The technology is just being created now and the opportunity is there. But that window will be open for the next one to five years. By then, we need to have a clear strategy to go forward, with a portfolio and the technologies to go forward.
Will the company stick with the materials it works with, such as rubber, and develop products in those fields?
That a good question. For many years, we have evolved to be in materials science and surface coatings, and that will remain the basis of our technology. Even when you think about making battery cells, it's nothing but mixing chemicals and coatings. We know that technology.
The company has made a significant acquisition — was that a move toward what you're discussing?
Yes. Our plan will include some large acquisitions. To create a portfolio of opportunities, you can't build everything from scratch. You have to have a critical mass.
This year, we made two key acquisitions. One was a fuel cell system technology company. For the other we acquired a large share of Xalt Energy of Midland, Mich., a manufacturer of lithium ion battery cells and battery management systems. We have the option of going up to 100 percent of that.
In battery systems and fuel cell management, you need thermal management and cooling, and we have that expertise. Our question was, is it enough to be in thermal management as we are, or do we need to go even further and produce battery modules, and maybe even systems? Should we become a game changer as opposed to just a path follower?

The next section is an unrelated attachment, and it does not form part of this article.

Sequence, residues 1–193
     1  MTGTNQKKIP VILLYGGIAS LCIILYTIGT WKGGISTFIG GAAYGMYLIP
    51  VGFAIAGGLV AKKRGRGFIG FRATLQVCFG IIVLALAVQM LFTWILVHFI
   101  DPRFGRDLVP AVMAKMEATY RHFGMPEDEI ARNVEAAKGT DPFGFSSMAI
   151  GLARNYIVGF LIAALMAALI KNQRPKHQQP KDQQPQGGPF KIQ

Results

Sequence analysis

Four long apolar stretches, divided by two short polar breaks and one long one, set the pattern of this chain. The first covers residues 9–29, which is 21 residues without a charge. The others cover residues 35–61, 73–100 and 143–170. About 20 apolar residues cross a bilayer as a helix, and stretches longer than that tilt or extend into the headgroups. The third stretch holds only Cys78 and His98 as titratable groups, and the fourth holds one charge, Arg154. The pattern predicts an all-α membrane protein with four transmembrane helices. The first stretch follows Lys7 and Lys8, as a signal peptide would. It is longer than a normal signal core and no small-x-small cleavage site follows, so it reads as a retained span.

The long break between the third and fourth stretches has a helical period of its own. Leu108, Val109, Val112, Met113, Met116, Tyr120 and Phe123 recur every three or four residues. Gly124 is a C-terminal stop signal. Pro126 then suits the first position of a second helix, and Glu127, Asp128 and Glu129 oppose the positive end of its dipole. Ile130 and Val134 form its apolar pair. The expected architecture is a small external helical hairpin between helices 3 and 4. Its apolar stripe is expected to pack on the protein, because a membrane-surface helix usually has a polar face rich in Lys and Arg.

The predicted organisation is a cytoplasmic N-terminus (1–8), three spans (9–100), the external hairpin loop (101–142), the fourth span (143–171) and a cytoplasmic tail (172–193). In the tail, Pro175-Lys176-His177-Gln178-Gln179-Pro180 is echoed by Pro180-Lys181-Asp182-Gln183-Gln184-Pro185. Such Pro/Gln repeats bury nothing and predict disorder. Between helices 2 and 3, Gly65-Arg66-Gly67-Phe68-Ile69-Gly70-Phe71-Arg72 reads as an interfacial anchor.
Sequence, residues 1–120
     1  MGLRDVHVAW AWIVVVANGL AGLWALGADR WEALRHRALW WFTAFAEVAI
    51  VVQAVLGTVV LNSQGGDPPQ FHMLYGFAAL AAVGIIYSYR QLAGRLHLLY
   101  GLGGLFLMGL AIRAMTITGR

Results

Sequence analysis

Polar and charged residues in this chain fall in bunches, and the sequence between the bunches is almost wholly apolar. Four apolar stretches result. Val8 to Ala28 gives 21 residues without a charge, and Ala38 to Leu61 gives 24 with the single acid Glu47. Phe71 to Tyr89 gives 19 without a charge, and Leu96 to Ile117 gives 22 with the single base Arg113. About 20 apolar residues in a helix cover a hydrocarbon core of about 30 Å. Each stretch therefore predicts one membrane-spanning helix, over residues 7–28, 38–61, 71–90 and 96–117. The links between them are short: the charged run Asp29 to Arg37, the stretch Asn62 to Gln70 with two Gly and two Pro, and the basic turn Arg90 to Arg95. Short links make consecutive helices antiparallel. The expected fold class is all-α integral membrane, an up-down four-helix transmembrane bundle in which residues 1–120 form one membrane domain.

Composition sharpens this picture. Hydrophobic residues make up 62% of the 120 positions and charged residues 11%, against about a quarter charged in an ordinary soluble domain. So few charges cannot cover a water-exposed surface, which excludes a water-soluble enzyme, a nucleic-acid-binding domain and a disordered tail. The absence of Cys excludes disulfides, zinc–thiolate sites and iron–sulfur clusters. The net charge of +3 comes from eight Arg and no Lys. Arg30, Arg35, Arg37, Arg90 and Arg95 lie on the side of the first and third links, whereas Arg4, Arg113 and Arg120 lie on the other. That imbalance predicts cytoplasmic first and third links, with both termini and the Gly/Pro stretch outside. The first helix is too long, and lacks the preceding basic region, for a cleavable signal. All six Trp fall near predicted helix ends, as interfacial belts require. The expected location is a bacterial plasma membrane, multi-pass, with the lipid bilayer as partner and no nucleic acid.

We were screening the battery market for suitable M&A opportunities. We liked Xalt because it was a technology play focused on very specific segments, such as truck and bus or commercial marine. They make battery cells, battery packs and the software for it.
Did the company consider buying Johnson Controls' battery division, which was for sale?
We didn't. We weren't really considering a battery manufacturer until we came across Xalt.
Where is the fuel cell business really going to occur? In Europe?
The business was active, and then it went dormant. And it seems to have resurfaced fairly strong. There is a revival of fuel cell taking place. We do see it in Europe, with BMW and Audi. And there is a lot in Japan. And as you may know, Honda has a partnership with General Motors in the United States, and we're a technology partner for those.